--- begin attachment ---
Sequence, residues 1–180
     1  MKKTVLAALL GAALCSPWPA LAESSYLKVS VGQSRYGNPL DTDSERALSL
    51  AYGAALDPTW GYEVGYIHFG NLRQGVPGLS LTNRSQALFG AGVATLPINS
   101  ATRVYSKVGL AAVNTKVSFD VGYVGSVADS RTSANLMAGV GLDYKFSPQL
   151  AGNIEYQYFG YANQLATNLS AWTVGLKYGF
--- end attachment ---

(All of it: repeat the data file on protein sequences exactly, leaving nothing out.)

Sequence, residues 1–180
     1  MKKTVLAALL GAALCSPWPA LAESSYLKVS VGQSRYGNPL DTDSERALSL
    51  AYGAALDPTW GYEVGYIHFG NLRQGVPGLS LTNRSQALFG AGVATLPINS
   101  ATRVYSKVGL AAVNTKVSFD VGYVGSVADS RTSANLMAGV GLDYKFSPQL
   151  AGNIEYQYFG YANQLATNLS AWTVGLKYGF